Hon. Judge Jeremiah Hayes Berry

Hon. Judge Jeremiah Hayes Berry

Hon. Judge Jeremiah Hayes Berry Hon. Judge Jeremiah Hayes Barry was a workaholic who lived in a large house in Fredericton. He would spend all his time in there, specifically in one room, pouring over documents.

“He would just pour over document after document and work and work and work and he died in that house. All alone and he led a very sad, secluded life.”

Shortly after he died, a new person moved into the house. By coincidence, she was a lawyer and she was also a workaholic.

“She’s sort of detached from her friends and family and so she begins to work and coincidentally she works in the exact same room where Judge Berry had worked in.”

One night, at the stroke of midnight while she’s working in the room where Berry had all those years, she hears something downstairs: a huge clatter that has her bolt upright.

“She runs down to see what it is and it stops and she thinks ‘It’s a new house, new sounds, things I’m not used to.’”

She goes back upstairs to find all of her papers thrown everywhere. The lawyer dismissed this as well, thinking that the wind had blown the papers everywhere.

But it happens again. Night after night she hears something downstairs and comes back to find her work thrown everywhere.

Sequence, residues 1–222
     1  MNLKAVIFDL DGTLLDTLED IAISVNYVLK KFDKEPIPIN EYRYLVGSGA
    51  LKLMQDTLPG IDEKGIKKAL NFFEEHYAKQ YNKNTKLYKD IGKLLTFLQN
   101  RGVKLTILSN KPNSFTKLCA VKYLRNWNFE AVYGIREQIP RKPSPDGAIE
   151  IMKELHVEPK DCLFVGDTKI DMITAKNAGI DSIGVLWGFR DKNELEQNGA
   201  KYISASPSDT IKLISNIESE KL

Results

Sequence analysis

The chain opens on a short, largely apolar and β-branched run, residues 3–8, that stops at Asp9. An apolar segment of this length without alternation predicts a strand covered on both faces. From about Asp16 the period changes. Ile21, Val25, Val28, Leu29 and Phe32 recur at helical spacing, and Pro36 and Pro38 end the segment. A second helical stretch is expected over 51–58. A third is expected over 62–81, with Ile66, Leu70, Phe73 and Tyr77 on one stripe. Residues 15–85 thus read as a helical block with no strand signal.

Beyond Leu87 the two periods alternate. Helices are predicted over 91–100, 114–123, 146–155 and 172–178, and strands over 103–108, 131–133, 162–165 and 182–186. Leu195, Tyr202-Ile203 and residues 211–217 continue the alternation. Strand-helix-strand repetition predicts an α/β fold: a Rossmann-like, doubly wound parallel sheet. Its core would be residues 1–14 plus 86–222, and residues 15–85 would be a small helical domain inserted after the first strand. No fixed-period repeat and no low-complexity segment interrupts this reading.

Finally, she had had enough, she promises herself that if it happens again, she would stay in the room.

“So, next day, she works all through the day and into the night and at the stroke of midnight again, she hears the noise from downstairs and it grows louder and louder until she can’t take it anymore and she runs downstairs to see what it is.”

Unlike the other nights, however, she stops herself and comes back up the stairs to see what’s happening.

“She runs upstairs to see this spectral figure standing in the room with a pocket watch, swinging it back and forth saying ‘Tsk, tsk, tsk.’”

People believe that that ghostly figure was Berry and that he had “appeared these nights to warn her of the life that he had lived, a life of solitude and of nothing but work.”

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